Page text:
Incision and Dissection
The skin is incised 1 to 2 mm below the lash line or within the prominent natural skin crease (if present) to hide the scar. Care should be taken to never extend the incision laterally beyond the orbital rim to prevent surgical stigmata. The incision should include only skin, not the orbicularis muscle. A Frost suture is placed at the grey line to protect the globe and facilitate retraction. Placing a corneal shield is optional and at the discretion of the operating surgeon.
Based on the anatomical correction planned, a skin-only or skin-muscle flap is elevated using blunt and sharp dissection. Hemostasis at every step is of the utmost importance using bipolar electrocautery under low power. If a skin-only flap is planned, the dissection below the skin is carried out to the inferior orbital rim or the last wrinkle. A skin-muscle flap can be elevated via the same subciliary skin incision with the following adjustments: the dissection below the skin is carried out to 4 to 5 mm below the lash line, preserving pretarsal orbicularis. Then orbicularis is divided, and an avascular plane below the preseptal orbicularis and above septum is reached, and dissection is carried to the inferior orbital rim. Great care should be taken not to breach the septum while dissecting.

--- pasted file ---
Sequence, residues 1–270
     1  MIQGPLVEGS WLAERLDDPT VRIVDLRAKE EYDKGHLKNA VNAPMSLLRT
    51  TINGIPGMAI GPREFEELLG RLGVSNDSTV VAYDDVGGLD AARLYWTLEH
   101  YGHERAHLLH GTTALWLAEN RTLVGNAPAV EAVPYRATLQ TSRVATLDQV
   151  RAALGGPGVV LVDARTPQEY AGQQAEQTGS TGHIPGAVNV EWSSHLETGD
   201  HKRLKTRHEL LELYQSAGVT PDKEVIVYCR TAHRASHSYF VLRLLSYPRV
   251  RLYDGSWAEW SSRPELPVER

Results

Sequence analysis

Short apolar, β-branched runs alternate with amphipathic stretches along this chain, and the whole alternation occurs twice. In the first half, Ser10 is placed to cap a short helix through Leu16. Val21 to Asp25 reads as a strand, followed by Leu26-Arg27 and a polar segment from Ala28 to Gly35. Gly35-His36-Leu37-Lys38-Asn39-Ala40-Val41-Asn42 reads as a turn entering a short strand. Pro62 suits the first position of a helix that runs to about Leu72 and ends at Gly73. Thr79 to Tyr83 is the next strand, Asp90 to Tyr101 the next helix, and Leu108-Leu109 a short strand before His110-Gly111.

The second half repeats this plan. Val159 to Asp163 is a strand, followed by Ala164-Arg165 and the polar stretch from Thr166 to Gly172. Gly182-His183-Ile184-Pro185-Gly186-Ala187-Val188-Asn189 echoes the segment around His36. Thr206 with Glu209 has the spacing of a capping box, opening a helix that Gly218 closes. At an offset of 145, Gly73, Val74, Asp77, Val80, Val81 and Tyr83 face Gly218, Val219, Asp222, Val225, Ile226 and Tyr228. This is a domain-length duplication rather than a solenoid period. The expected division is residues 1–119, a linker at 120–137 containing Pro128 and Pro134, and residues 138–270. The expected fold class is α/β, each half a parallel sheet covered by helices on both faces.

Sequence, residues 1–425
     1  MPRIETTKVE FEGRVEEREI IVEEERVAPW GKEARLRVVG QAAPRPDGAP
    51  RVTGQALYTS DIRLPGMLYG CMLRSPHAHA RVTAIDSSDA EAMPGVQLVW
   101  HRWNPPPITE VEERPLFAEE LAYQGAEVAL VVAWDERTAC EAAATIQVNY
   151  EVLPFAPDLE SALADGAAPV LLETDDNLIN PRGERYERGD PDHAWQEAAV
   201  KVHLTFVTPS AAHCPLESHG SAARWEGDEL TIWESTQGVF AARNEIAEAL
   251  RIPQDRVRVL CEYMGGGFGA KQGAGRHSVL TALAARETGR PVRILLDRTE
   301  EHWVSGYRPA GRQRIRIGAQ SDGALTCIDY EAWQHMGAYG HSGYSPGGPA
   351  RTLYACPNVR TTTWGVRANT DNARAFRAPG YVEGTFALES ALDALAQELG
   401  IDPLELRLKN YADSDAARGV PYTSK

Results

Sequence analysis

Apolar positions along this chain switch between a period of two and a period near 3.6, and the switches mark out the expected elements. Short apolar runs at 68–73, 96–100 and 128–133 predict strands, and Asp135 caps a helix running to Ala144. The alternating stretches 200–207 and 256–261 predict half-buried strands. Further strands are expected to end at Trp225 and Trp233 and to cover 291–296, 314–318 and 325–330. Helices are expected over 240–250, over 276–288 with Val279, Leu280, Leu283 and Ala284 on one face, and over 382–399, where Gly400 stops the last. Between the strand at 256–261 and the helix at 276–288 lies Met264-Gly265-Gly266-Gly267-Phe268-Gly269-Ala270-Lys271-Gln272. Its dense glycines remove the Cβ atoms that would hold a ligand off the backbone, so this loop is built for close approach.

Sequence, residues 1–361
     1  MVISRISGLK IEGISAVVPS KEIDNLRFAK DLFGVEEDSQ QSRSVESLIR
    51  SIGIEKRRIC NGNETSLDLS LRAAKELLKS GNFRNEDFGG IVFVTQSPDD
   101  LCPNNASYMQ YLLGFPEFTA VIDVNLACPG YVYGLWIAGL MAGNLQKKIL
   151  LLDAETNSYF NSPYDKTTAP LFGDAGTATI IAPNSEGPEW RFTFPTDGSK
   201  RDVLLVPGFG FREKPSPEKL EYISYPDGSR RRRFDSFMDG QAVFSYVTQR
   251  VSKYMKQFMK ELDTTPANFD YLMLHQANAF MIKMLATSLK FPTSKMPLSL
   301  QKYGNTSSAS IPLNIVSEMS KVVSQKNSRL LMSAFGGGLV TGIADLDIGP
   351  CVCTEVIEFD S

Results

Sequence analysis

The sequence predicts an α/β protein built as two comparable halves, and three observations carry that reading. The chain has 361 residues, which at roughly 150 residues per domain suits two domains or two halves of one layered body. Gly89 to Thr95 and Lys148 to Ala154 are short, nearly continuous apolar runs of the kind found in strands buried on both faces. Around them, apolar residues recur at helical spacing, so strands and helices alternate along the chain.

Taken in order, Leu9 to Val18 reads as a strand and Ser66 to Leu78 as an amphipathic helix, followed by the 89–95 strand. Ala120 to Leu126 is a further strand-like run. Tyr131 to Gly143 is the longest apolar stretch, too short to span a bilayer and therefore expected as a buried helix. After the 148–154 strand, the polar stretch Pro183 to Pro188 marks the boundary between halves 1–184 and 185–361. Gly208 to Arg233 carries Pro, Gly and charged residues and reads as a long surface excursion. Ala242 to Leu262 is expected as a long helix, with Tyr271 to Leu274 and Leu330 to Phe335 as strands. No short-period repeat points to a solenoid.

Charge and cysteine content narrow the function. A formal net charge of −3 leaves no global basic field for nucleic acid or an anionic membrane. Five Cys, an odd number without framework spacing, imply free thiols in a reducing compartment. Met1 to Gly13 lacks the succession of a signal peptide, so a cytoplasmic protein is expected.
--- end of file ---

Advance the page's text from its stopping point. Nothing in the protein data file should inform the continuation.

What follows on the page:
Various modifications of traditional transcutaneous blepharoplasty have been described in the literature. McCollough places the skin incision inferior to the tarsal margin, thus preserving a cuff of pretarsal orbicularis oculi muscle, which plays an important role in blinking and tear drainage. Another interesting modification includes a ‘fat preserving’ technique in which the herniated fat is pushed back into orbit, and capsulopalpebral fascia is sutured to the lower orbital rim, which strengthens it like a hernia repair. A prospective comparative study comparing the ‘fat preserving’ approach and ‘traditional approach’ of 26 patients showed comparable aesthetic outcomes but lower recurrence and absence of the typical hollowing of the lower lid or sunken appearance of the globe in the ‘fat preserving’ group.